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McGee v. Rack

United States District Court, D. Colorado

July 14, 2017

NICOLE Q. MCGEE, Plaintiff,



         This employment discrimination case is before me on defendant Nordstrom, Inc.'s (improperly named “Nordstrom Cherry Creek Rack” in the caption) Motion to Dismiss and for Order Compelling Arbitration, or in the Alternative, to Stay Action Pending Arbitration. (ECF No. 13.) Plaintiff Nicole McGee, an African American woman, alleges that Nordstrom discriminated against her on the basis of her race and gender. Nordstrom argues that because Ms. McGee agreed to have any disputes resolved in arbitration when she signed a dispute resolution agreement, this case should be dismissed, and I should compel Ms. McGee to participate in arbitration.

         I agree with Nordstrom that the parties agreed to arbitrate the issues raised in Ms. McGee's complaint, and I accordingly order the parties to arbitrate this case and dismiss this action without prejudice.

         I. BACKGROUND

         The following facts are taken from Ms. McGee's complaint (ECF No. 1) unless otherwise noted. Ms. McGee, an African American woman, worked as an associate at Nordstrom in Denver, Colorado for two and a half years, beginning in 2013. She was the only full-time African American woman in her department. Before she started working, Ms. McGee signed a dispute resolution agreement with Nordstrom, which provided in relevant part:

This Agreement is intended to apply to the resolution of past, present, and future disputes that would otherwise be resolved in a court of law and requires that all such disputes be resolved only by an arbitrator through final and binding arbitration and not by way of court or jury trial except as otherwise stated in this Agreement. The Agreement applies without limitation to disputes regarding the employment relationship, trade secrets, unfair competition, compensation, breaks and rest periods, termination, discrimination, retaliation (including retaliation under the Employee Retirement Income Security Act of 1974) or harassment and claims arising under the Uniform Trade Secrets Act, Civil Rights Act of 1964, Americans With Disabilities Act, Age Discrimination in Employment Act, Family Medical Leave Act, Fair Labor Standards Act, Genetic Information Non-Discrimination Act, and other state and local statutes, addressing the same or similar subject matters, and all other state statutory and common law claims.

(Frampton Dec. Ex. H, ECF No. 13-1 at 17.)

         Nordstrom promoted white employees over Ms. McGee, even though the white associates had less experience. And despite expressing her work availability to her supervisors, she was frequently scheduled to work shifts she could not, denied hours, and scheduled at the last minute. She also had her shifts cancelled. She told her supervisor about her concerns with these practices to no avail.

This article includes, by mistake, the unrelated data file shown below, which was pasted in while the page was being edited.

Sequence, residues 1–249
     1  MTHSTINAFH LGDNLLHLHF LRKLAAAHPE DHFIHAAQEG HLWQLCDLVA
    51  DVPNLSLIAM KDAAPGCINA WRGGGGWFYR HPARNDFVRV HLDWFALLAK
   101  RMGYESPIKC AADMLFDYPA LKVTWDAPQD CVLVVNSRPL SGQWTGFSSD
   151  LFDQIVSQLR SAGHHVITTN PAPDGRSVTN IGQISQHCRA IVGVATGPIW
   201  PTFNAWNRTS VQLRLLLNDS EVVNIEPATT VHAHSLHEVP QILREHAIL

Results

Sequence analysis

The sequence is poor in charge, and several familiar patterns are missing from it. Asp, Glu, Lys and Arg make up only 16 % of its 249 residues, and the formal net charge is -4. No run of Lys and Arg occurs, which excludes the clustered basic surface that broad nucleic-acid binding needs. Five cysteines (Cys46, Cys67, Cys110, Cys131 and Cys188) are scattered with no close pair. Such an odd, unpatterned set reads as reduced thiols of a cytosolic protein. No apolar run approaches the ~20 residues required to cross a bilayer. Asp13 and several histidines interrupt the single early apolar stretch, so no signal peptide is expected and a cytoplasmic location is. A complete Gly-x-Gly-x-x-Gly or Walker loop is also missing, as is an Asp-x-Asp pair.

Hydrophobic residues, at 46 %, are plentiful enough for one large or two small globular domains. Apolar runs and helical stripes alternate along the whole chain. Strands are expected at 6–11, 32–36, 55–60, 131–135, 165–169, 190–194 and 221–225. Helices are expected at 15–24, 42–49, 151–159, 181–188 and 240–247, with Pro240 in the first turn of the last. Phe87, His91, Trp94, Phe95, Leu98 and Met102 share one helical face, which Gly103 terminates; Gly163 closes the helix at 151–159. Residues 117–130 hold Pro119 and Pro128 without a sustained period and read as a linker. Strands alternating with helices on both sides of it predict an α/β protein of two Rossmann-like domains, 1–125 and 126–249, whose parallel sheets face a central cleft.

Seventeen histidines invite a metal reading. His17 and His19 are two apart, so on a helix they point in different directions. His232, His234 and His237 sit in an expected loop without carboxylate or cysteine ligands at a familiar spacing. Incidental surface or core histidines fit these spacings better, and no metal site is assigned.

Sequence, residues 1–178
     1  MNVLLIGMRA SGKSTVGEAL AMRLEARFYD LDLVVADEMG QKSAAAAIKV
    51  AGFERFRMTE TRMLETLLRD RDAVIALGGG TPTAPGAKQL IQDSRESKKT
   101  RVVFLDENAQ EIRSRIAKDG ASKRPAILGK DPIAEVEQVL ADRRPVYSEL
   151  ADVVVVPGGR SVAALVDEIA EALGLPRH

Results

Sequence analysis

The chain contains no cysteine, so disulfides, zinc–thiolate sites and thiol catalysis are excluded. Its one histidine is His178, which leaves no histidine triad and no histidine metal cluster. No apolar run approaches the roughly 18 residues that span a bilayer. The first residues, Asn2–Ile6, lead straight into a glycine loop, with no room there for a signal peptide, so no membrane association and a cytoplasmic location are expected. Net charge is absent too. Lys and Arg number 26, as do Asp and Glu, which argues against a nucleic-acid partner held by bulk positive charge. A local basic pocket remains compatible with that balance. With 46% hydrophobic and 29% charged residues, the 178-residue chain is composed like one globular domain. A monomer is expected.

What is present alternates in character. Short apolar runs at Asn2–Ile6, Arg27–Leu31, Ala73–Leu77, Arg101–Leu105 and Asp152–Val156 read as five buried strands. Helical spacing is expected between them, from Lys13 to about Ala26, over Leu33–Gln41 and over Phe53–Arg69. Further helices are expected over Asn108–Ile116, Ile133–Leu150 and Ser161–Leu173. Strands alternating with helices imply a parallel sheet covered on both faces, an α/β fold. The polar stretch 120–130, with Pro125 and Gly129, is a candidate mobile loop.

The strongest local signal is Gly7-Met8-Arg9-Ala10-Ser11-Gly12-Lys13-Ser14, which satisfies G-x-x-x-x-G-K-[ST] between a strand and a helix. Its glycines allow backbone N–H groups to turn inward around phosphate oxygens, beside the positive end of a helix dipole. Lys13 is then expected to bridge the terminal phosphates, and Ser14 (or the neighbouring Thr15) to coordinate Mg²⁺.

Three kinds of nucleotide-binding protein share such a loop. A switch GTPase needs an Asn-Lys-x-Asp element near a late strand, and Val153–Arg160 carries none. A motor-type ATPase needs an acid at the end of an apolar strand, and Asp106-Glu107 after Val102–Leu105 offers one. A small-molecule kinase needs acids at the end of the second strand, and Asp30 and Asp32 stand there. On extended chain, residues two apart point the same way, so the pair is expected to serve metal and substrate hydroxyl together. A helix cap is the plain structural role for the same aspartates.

In February 2015, Ms. McGee began to plan her upcoming maternity leave. After speaking with someone at Nordstrom's benefits department, she learned she would not receive paid maternity leave because she had not worked sufficient hours during the relevant measurement period. During the measurement period, Ms. McGee suffered from hyperemesis gravidarum (severe nausea during pregnancy), which impacted her ability to work.

         Ms. McGee eventually resigned from her position from Nordstrom, and on July 13, 2016, she filed a charge of discrimination with the Equal Employment Opportunity Commission (EEOC). The EEOC provided her with a Notice of Right to Sue on August 5, 2016. On November 3, 2016, Ms. McGee filed her complaint in this Court, alleging that Nordstrom discriminated against her based on race and gender by failing to promote her, giving her fewer hours, and giving her less responsibility.

         Nordstrom moved for an order compelling arbitration and dismissing the case or staying the proceedings pending arbitration. (ECF No. 13.) When Ms. McGee did not respond, I issued a scheduling order directing a response. (ECF No. 16.) Nevertheless, Ms. McGee never filed any response to the motion.


         The Federal Arbitration Act (the “FAA”) provides that “[a] written provision in any . . . contract evidencing a transaction involving commerce to settle by arbitration a controversy thereafter arising out of such contract or transaction . . . shall be valid, irrevocable, and enforceable, save upon such grounds as exist at law or in equity for the revocation of any contract.” 9 U.S.C. § 2. “The court shall hear the parties, and upon being satisfied that the making of the agreement for arbitration or the failure to comply therewith is not in issue, the court shall make an order directing the parties to proceed to arbitration in accordance with the terms of the agreement.” 9 U.S.C. § 4. Courts must interpret arbitration clauses liberally, and all doubts must be resolved in favor of arbitration. Armijo v. Prudential Ins. Co. of America, 72 F.3d 793, 798 (10th Cir. 1995). Thus, “[h]aving made the bargain to arbitrate, the party should be held to it unless Congress itself has evinced an intention to preclude a waiver of judicial remedies for the statutory rights at issue.” Mitsubishi Motors Corp. v. Soler Chrysler-Plymouth, 473 U.S. 614, 628 (1985).

         III. ...

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